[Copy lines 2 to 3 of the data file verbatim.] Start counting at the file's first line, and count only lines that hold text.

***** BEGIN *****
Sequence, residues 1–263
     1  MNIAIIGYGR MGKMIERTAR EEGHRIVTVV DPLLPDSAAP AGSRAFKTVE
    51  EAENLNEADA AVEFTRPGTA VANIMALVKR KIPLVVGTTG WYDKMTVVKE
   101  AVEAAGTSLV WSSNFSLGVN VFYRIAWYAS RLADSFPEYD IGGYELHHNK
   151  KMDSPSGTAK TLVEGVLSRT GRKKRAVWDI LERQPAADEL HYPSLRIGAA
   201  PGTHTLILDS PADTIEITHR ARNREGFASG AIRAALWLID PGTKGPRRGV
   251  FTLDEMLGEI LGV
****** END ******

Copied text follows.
     1  MNIAIIGYGR MGKMIERTAR EEGHRIVTVV DPLLPDSAAP AGSRAFKTVE
    51  EAENLNEADA AVEFTRPGTA VANIMALVKR KIPLVVGTTG WYDKMTVVKE